So while the frontal cortex may enable “higher” cognitive functions like planning, judgment, and goal setting, it may also constrain us. The prefrontal cortex allows us to remember our current context and our expectations of what it might entail, and project towards other contexts, both in the past and the future. Those with under-functioning frontal lobes – such as brain trauma patients, and children – may somehow live in a less-specified world, where something as simple as making coffee could be a hopelessly complex or under-determined task. Yet they may also enjoy a “cognitive drift” into mental spaces which the tight, goal-directed reins of our prefrontal cortex steer us away from.

But there’s an interesting methodological flaw in the study which allows for a less fanciful explanation (and might also explain why this paper is published in Brain instead of Nature!)

3/4 of the subjects encountered a type of matchstick problem with 10 legal moves prior to the IV=IV=IV problem – more than twice as many moves as are possible in either of the examples above. Healthy subjects might have implicitly recognized the number of potential moves, and thus avoided a time-consuming trial-and-error strategy. Lateral PFC subjects, on the other hand, might not have picked up on this rather subtle issue, and continued obliviously with a trial and error search strategy. It’s not clear to me why the authors didn’t fully balance the design to rule out such order effects (it would have been easy to do). Still, their results are interesting, regardless of why they got them.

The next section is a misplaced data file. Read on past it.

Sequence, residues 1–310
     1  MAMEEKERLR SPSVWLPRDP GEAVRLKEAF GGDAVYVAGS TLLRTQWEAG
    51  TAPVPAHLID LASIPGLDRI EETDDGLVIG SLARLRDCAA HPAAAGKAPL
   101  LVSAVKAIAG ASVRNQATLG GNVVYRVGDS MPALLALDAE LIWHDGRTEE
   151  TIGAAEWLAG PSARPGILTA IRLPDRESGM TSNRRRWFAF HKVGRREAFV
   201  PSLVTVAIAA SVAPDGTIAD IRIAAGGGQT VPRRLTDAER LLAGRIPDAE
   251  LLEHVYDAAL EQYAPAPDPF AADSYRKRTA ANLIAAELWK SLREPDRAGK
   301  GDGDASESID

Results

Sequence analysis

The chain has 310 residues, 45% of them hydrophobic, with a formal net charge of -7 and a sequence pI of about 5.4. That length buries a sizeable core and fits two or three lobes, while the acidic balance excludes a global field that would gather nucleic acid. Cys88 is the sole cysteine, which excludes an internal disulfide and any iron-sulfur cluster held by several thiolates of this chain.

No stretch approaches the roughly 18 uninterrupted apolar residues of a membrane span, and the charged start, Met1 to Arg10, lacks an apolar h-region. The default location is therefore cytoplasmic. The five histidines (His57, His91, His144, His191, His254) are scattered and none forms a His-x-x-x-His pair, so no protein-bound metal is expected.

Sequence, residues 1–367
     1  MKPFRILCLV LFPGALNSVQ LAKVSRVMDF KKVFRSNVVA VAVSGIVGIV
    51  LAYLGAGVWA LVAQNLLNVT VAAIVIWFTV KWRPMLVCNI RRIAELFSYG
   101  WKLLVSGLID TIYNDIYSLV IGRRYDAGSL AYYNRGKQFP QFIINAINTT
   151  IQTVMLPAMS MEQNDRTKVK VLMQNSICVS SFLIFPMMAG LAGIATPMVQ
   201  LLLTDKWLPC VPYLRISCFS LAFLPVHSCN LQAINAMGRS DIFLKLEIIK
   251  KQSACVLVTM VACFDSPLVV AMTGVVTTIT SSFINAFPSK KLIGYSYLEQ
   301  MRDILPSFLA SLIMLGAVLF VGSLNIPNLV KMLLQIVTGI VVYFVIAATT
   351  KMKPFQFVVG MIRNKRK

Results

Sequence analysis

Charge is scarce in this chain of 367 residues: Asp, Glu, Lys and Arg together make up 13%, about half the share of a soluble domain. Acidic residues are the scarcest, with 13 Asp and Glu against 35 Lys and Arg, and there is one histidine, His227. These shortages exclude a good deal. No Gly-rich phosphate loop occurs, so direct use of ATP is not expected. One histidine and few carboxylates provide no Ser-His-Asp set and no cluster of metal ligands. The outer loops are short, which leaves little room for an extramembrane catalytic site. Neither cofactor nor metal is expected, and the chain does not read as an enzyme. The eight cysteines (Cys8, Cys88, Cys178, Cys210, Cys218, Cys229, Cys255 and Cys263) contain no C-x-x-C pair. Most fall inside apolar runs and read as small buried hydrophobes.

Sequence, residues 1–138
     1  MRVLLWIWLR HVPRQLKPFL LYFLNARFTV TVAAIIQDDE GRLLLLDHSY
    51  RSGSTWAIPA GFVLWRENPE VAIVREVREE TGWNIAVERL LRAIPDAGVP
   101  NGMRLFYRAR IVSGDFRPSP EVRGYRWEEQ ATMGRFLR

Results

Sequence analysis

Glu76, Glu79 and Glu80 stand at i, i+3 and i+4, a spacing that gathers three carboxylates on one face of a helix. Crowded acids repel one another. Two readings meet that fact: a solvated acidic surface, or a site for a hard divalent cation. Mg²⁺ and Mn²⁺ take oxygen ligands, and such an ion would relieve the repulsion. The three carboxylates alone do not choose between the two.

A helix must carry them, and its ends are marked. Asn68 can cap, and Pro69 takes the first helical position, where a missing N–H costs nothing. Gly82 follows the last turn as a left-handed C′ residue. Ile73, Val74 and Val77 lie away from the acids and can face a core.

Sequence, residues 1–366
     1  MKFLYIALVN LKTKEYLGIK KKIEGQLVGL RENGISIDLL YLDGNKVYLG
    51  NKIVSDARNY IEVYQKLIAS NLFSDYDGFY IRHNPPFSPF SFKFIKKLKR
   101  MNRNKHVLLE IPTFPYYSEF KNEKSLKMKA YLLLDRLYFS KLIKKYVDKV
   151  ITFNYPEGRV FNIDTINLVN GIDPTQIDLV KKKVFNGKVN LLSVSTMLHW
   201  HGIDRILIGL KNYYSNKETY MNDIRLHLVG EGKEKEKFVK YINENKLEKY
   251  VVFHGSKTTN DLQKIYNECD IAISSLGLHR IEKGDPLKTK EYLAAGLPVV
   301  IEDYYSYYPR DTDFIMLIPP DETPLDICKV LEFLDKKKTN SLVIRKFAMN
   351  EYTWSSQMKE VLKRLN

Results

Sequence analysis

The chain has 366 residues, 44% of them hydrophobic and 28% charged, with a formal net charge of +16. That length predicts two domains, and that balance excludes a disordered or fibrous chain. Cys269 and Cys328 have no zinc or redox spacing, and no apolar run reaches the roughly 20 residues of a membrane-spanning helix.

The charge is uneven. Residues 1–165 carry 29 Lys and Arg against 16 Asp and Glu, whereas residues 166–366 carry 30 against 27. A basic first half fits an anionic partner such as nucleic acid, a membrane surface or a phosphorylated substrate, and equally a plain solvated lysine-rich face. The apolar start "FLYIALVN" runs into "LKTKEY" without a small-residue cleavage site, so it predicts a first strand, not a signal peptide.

BTW, the solutions are IV VI = III + III and IV = IV = IV, respectively.

UPDATE: See the Frontal Cortex for another example of where brain damage helps – in gambling!

Related:
Compare with The Neuroscience of Imagination
Neural Correlates of Insight (at the old blog)
Dissociation to Integration: The Role of Context in Memory

Comments

  1. #1 Duae Quartunciae
    June 26, 2007

    I found these incredibly easy. I just take one matchstick from somewhere, and make the equality sign into an inequality.